Cheryl Boone Isaacs is as excited about movies today as when she was allowed to stay up late as a girl in Massachusetts to watch the Academy Awards.
Only now the Irving Blvd. resident is working with the producers on next year’s Oscars.
And, she is going over the fine points with Academy chief executive Dawn Hudson on a “world-class” movie museum planned at the historic May Co.
Isaacs was elected president of the Academy of Motion Picture Arts and Sciences in July by its board of governors.
“That was a great first week. I’m very happy that Ellen (DeGeneres) is our host (of next year’s Academy Awards)… we’re off to a wonderful start,” she said last month from her city-view office on the top floor of the Academy’s Beverly Hills Wilshire Blvd. office.
She works with staff, runs the day-to-day operations and oversees the Academy’s 6,000 members who make movies around the world.
Isaacs graduated from Whittier College with a political science degree, which may have actually prepared her for the movie business.
“Anytime there’s more than three people in a room, it’s political,” she said.
An older brother was an executive at 20th Century Fox, who had worked on “West Side Story” and “Star Wars,” but she still knocked on a lot of doors; she eventually landed a post on the press junket for not just any movie, but “Close Encounters of the Third Kind.”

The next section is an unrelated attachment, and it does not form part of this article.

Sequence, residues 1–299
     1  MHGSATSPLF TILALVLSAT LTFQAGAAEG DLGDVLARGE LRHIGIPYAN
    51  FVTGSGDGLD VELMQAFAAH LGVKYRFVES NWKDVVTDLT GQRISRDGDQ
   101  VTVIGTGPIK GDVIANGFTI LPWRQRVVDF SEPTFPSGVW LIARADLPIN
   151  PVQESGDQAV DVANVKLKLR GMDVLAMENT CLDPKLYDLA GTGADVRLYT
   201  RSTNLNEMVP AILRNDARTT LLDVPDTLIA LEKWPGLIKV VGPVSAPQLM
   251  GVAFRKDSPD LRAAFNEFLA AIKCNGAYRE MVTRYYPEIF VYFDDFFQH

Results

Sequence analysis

“What a way to start!” she beams.
Cheryl worked with journalists from interns to pros, all the while following her motto to work hard, keep her head down and look up in 10 years to see where she was.
The formula worked. She landed high-level jobs at Columbia Pictures, New Line Cinema and Paramount Studios, and handled several Best Picture winners, including “Forest Gump,” “Braveheart,” “The King’s Speech” and “The Artist.”
She’s been a member of the Academy since 1987, and held every post from secretary to president, and she was on the board of governors for two decades.
She remembers shopping at the May Co. long before it was targeted for the Academy’s new museum. A funding campaign is halfway to its $300 million goal for the Renzo Piano-Zoltan Pali design. Plans call to break ground next year and open in 2017.
“The museum will be a world-class destination… It’s about an industry in its entirety.”
She settled in Windsor Square 17 years ago, first on Lucerne Blvd., and moved to Irving Blvd. five years ago. The neighborhood’s trees are a big attraction, says the self-avowed lover of redwoods and other varieties.
Her husband Stanley, a producer, writer and director, recently finished a documentary about the producer of “The Godfather,” “Tough Ain’t Enough: Conversations with Albert S. Ruddy.”
Of course, they frequently go to movies. “We love movies, movies, movies.”
The art of film and the advances in technology that enable an audience to sit in a dark room and have a shared experience that is transformative never ceases to amaze her.
“I am in awe,” she says.
She aims to include more of the creative and scientific best of the best, and diversify with more women and minorities among the Academy’s members.
She may be too busy in her one-year post (she is eligible for reelection) to devote much time to her marketing consultant work—her latest film was “The Call” with Halle Berry.
But there will always be time for movies.